Foreigners sometimes face unique hurdles when trying to integrate into Swiss society because the Swiss themselves wrestle with who they are.This content was published on November 8, 2008 - 10:27
That was one point social anthropologists, federal advisers and university experts debated in Bern this week, when they discussed identity and integration among migrants in Switzerland.
More than 1.6 million foreigners now live permanently in Switzerland - about one-fifth of the population.
"Swiss identity is not rigid but developed over time and continues to develop," Justice Minister Eveline Widmer-Schlumpf told the forum organised by the newly-created federal commission on migration issues.
"It can be painful and unending but with our history – cantons that united, each with its own history and culture - we can overcome these challenges."
Community versus society
Hans-Rudolf Wicker, a social anthropologist at Bern University, argued that a pluralist society like Switzerland must be careful when discussing a collective identity because doing so can lead to excluding others.
"Societies are a product of industrialization and they need something around which to organise, a state, to create cohesion," he told swissinfo.
"Communities, however, each have a strong identity, face-to-face, and are not as welcoming to outsiders."
The Swiss have strong ties to their communities as people tend to stay close to their home canton and frequently associate more with that particular region than with a national identity.
That is different in neighbouring countries, Wicker said.
"Germany has a strong identity – das Volk – and France has a strong identity as well, but it's different because it's more of a state identity," he said.
"Politicians here have to say we are a nation of will because we don't have this identity. We have to work on it constantly. It's my opinion that we see this weak identity played out through a strong stance toward immigrants."
Integration and identity
Francis Matthey, president of the federal commission on migration issues, said Swiss identity could not be defined without considering foreigners.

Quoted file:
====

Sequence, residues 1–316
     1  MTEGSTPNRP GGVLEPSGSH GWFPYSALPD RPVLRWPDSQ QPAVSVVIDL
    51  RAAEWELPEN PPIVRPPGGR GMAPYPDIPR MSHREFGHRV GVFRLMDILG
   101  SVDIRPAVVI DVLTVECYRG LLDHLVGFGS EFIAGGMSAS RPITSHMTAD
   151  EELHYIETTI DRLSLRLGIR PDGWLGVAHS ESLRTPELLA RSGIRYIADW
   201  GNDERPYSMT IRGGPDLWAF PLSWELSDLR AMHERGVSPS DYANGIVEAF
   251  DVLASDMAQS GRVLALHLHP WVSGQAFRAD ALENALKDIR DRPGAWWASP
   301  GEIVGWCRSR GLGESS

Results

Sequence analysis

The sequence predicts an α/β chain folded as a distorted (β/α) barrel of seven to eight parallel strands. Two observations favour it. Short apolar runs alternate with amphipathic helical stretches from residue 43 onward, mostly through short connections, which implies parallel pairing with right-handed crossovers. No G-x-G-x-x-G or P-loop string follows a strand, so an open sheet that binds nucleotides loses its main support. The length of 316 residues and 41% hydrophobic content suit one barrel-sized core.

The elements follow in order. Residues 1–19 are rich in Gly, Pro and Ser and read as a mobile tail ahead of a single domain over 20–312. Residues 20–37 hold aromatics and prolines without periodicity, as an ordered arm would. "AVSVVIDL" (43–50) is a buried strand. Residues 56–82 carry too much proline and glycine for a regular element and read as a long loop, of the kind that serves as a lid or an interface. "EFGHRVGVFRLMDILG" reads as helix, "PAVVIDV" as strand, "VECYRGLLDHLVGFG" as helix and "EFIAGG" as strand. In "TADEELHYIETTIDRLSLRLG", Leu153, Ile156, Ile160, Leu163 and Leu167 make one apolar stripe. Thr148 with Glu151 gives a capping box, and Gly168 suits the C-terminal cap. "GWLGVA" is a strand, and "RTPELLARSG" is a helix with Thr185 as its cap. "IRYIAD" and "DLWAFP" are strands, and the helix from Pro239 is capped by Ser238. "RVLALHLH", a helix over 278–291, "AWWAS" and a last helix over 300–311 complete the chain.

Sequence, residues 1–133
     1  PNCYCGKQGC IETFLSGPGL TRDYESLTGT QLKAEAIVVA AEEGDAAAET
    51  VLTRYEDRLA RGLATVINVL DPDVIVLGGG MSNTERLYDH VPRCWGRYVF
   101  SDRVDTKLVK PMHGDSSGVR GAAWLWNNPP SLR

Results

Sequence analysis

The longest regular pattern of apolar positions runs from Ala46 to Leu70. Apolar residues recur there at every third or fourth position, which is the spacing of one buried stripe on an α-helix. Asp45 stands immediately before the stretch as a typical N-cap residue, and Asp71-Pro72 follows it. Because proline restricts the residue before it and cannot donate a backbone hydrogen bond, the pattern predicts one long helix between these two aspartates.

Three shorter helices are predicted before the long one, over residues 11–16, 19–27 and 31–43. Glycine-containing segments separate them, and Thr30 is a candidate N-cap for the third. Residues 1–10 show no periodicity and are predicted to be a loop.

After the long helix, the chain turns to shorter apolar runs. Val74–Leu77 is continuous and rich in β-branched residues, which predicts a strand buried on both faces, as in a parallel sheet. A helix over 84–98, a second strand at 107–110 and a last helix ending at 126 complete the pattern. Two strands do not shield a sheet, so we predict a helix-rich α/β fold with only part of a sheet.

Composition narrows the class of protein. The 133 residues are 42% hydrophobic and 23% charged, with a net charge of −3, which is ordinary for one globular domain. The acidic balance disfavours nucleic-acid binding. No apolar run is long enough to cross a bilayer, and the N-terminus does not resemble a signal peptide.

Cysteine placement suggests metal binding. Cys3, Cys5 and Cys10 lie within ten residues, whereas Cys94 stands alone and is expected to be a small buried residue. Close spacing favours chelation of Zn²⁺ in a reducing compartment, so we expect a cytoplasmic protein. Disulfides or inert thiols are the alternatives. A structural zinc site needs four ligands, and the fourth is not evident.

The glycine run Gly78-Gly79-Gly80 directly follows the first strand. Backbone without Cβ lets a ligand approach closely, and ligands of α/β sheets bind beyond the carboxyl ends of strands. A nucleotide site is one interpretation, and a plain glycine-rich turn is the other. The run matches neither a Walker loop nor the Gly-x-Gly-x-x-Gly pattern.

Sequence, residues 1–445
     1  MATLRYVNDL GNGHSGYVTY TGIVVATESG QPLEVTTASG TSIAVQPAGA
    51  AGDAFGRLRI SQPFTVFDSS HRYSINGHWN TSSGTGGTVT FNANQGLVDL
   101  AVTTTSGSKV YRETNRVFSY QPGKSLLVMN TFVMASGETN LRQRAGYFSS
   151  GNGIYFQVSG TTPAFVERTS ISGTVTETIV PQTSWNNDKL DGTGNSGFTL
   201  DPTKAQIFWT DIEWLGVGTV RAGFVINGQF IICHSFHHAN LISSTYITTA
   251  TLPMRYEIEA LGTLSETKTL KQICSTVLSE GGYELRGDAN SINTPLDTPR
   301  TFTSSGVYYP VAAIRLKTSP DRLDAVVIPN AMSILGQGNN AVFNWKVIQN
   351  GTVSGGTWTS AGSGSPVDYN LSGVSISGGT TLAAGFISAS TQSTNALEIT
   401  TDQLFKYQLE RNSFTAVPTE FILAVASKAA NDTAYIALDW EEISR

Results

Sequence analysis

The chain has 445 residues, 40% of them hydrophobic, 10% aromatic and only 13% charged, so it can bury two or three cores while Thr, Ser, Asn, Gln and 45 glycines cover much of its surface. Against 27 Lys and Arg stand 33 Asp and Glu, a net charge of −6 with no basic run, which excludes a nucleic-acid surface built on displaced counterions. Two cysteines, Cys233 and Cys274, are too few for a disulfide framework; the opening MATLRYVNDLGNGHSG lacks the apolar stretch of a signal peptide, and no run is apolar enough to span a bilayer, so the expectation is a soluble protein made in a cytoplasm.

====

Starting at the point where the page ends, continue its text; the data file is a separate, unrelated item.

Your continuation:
"In the debate about immigration, foreigners sometimes come to represent what we aren't or what we don't want to be," he said.
"We speak of Swiss identity and how to preserve it. But who we are corresponds to who others are. To respect them is to respect ourselves."
Integration, therefore, was a two-way street. Populations in host countries can be disconcerted by the arrival of more immigrants and the formation of diasporas.
Yet diasporas, Wicker said, can help immigrants ease into new societies without losing their identity.
Jürgen Nowak, a German from the Europa-Institut in Berlin, said integration hinges largely upon immigrants having access to job training and the workplace. Without that they have a much harder time escaping what he called a "parallel society" within the host country.
In the end, though, politics is an often limited means for achieving integration, said Serge Slama from the Evry Val d'Essonne University Research Centre in France.
"When France won the World Cup, that did more for integration than years of political discourse," he said.
swissinfo, Tim Neville
In 2007 nearly 144,000 foreigners took up residence in the country, an increase of 45 per cent from 2005.
The three cantons with the largest number of permanent foreign residents are Zurich (299,842), Vaud (195,071) and Geneva (163,951).
The three cantons with the largest proportions of foreign residents are Basel City with 33.3 per cent (56,106 people), Schaffhausen with 31.6 per cent (16,323 people), and Basel Country with 29.9 per cent (48,719 people).
Commission on migration
The federal commission on migration issues was created by the Swiss government on January 1, 2008.
It is a committee of non-parliamentarians that advises cabinet members and administrators on questions about migration as well as publishing reports and recommendations.
The commission is made up of 30 members, nearly half of whom have had direct experience with migration and migration agencies themselves.
Switzerland has eight types of residency permits for non-European Union nationals. Each is assigned a letter. Some of the more common permits include:
A B permit allows foreign nationals to stay in the country for longer periods of time for a specific purpose, with or without gainful employment. It must be renewed each year and is tied to a specific canton.
A C permit, or settlement permit, can be obtained after having a B permit for five to ten years, depending on nationality. It has no restrictions.
A G permit allows residents in neighbouring countries to cross into Switzerland for work. They may work anywhere in Switzerland but must return home at least once a week.
An N permit is granted to those seeking asylum. During the process they are entitled to live in Switzerland and under some cases may work.
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